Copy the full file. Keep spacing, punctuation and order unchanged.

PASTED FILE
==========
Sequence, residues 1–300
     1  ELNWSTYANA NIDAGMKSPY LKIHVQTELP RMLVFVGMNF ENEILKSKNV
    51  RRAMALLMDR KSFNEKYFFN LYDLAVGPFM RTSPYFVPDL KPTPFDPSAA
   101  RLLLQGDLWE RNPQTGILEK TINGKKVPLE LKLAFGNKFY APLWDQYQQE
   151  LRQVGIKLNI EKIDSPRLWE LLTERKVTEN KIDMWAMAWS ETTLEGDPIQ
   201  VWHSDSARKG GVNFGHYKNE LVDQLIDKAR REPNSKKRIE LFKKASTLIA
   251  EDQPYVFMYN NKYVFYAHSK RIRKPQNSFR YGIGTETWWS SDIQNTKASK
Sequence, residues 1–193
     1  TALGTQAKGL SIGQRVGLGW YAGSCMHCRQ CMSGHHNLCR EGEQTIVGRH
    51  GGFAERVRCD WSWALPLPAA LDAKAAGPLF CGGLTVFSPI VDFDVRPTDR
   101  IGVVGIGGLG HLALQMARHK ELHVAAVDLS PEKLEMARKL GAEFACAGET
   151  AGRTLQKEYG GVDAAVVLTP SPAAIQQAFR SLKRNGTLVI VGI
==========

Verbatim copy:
Sequence, residues 1–300
     1  ELNWSTYANA NIDAGMKSPY LKIHVQTELP RMLVFVGMNF ENEILKSKNV
    51  RRAMALLMDR KSFNEKYFFN LYDLAVGPFM RTSPYFVPDL KPTPFDPSAA
   101  RLLLQGDLWE RNPQTGILEK TINGKKVPLE LKLAFGNKFY APLWDQYQQE
   151  LRQVGIKLNI EKIDSPRLWE LLTERKVTEN KIDMWAMAWS ETTLEGDPIQ
   201  VWHSDSARKG GVNFGHYKNE LVDQLIDKAR REPNSKKRIE LFKKASTLIA
   251  EDQPYVFMYN NKYVFYAHSK RIRKPQNSFR YGIGTETWWS SDIQNTKASK
Sequence, residues 1–193
     1  TALGTQAKGL SIGQRVGLGW YAGSCMHCRQ CMSGHHNLCR EGEQTIVGRH
    51  GGFAERVRCD WSWALPLPAA LDAKAAGPLF CGGLTVFSPI VDFDVRPTDR
   101  IGVVGIGGLG HLALQMARHK ELHVAAVDLS PEKLEMARKL GAEFACAGET
   151  AGRTLQKEYG GVDAAVVLTP SPAAIQQAFR SLKRNGTLVI VGI